Stamp duty in most places is calculated on a progressive scale which means the higher the price the higher the duty in both total dollar and percentage terms.
If you bought a $300,000 property in NSW, the stamp duty would be $8,990. Let’s say you had a lazy $3 million to deploy and bought 10 of those at $300,000 each, the total duty would be $89,900.
Note: there is a provision for the Office of State Revenue to aggregate the total in some circumstances but go with me and assume that doesn’t apply in this case.
If you opted instead to buy a single property for $3 million, the stamp duty would be, wait for it, a whopping $150,490. A difference of $60,590. Wow. By way of reality check, that difference is approaching a whole years income for the average Australian family. Serious money.
Yet another good reason to stick to median or below median price points for individual residential investments.
But that’s not the paradox. That’s just the mathematics of a progressive scale and me making a point.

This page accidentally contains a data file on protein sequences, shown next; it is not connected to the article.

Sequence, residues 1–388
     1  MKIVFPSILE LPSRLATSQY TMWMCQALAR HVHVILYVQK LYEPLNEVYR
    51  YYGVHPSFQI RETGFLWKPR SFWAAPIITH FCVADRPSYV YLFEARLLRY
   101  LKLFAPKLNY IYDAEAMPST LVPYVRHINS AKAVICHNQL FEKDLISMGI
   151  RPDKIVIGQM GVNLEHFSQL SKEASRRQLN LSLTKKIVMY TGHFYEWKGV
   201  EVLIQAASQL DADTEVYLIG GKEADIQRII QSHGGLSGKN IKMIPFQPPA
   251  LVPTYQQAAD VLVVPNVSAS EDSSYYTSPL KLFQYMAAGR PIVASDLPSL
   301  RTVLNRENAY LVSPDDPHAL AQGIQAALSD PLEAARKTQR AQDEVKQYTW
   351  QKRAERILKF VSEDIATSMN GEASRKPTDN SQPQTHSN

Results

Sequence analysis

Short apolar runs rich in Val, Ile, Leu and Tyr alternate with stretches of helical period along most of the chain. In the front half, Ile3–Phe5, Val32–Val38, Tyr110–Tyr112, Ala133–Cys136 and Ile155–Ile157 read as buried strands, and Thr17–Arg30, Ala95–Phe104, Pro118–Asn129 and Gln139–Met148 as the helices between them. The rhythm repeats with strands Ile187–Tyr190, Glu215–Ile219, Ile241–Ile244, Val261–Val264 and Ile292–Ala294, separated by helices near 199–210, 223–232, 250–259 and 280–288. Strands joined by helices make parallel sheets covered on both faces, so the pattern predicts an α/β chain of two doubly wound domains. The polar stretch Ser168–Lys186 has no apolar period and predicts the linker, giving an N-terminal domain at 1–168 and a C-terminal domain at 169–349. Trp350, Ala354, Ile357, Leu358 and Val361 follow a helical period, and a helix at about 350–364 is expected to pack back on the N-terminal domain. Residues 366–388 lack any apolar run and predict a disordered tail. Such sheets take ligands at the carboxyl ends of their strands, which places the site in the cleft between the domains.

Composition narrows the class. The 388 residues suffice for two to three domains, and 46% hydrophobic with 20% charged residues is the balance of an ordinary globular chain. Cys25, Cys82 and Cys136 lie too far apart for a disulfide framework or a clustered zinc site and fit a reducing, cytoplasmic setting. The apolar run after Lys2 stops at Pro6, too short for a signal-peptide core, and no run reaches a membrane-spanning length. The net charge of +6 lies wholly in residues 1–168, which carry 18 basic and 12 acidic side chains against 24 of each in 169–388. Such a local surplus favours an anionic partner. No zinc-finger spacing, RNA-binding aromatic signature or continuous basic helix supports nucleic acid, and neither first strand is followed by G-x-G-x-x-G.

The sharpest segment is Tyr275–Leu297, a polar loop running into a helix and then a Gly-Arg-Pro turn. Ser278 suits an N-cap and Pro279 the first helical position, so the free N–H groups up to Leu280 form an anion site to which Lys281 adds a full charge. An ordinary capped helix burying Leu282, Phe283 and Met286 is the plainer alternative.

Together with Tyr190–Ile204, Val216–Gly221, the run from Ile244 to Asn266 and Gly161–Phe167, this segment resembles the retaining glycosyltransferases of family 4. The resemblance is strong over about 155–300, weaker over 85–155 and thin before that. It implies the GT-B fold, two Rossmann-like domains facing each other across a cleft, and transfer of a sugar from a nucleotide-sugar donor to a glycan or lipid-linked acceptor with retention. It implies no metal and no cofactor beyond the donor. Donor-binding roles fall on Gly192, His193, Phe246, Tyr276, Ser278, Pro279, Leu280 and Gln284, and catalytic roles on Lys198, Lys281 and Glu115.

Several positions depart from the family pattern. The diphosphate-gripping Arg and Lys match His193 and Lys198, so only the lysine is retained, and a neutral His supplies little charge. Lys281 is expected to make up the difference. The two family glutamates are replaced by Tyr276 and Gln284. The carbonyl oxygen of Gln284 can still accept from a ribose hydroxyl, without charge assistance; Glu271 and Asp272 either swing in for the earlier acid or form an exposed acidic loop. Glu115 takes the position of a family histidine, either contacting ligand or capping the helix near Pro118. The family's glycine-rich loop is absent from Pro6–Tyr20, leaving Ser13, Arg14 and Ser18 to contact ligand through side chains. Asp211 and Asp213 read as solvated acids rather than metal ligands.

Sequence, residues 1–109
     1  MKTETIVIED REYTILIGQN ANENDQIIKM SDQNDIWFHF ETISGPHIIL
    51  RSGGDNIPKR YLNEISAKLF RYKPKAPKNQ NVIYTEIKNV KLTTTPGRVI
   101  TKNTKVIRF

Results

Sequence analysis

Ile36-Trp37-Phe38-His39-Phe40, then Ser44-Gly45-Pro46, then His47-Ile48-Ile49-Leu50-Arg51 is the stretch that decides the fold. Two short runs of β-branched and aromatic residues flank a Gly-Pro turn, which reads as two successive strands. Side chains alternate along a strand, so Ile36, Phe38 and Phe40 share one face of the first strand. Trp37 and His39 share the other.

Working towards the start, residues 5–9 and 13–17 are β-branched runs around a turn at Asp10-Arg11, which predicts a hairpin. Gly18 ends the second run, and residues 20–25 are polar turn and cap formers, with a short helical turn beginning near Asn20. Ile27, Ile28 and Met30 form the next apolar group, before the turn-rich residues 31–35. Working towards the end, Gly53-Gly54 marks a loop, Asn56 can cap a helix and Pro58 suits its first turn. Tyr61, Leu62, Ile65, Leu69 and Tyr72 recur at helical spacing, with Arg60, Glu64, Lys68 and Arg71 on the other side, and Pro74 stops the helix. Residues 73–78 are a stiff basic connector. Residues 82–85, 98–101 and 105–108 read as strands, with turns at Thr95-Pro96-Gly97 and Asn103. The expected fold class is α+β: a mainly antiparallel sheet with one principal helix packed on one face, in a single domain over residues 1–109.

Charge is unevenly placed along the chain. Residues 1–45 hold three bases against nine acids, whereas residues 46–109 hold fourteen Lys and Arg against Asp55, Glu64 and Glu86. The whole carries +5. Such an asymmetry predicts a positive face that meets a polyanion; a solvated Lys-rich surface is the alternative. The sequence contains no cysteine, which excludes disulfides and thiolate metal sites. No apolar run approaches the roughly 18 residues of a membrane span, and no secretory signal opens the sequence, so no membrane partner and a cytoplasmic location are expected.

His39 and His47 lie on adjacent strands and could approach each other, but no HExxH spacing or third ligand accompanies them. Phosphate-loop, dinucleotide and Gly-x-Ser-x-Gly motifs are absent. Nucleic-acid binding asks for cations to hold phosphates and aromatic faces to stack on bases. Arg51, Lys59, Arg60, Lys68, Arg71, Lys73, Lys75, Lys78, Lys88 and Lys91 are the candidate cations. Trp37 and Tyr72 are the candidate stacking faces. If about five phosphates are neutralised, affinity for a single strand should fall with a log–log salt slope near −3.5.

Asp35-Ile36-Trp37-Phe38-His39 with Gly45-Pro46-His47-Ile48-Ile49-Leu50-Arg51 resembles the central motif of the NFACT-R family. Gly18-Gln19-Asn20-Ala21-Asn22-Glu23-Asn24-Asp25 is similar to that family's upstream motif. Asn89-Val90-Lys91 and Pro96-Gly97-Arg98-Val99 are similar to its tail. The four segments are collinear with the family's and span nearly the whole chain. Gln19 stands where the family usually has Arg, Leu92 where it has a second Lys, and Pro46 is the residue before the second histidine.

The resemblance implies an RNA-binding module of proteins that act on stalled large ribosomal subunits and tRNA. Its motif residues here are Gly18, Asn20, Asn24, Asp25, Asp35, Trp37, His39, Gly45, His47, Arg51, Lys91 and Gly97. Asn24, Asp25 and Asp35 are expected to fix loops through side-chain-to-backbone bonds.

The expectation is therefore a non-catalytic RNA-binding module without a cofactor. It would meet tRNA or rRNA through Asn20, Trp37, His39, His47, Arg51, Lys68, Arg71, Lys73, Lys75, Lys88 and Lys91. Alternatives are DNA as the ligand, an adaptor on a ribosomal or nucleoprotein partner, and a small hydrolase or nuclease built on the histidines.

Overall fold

The real issue with stamp duty is the current rates were set years ago when inflation and capital appreciation rates were higher than they are in this low inflation environment and median values were a lot less than they are today. The scales haven’t changed since 1986.
During the 26 years to 2013, Sydney’s median house price has increased at 7.7% per annum compound. The stamp duty collected on the transfer (sale) of a median priced house in Sydney increased at 9.9% per annum compound over the same period. The result of a progressive scale and increasing values.
In 1986 stamp duty averaged (on the median priced Sydney house) around 2% of purchase price, today it is around 4%. What we have here is a form of bracket creep against a backdrop of lower inflation.
Maybe it’s not quite a paradox but it is an issue that deserves some attention. There are voices out there calling for a review of the situation, which is clearly long overdue. In NSW another State Budget has come and gone and despite changes to the first home buyer rules and the dropping of rebates to investors, no change has been made to the stamp duty scales. I wouldn’t hold my breath waiting for the scales to change any time soon.
In the meantime, remember the $300,000 example and buy new, buy low and buy often.
An ongoing collection of thoughts, opinions, observations and recommendations by long time property analyst and commentator Brett Johnson.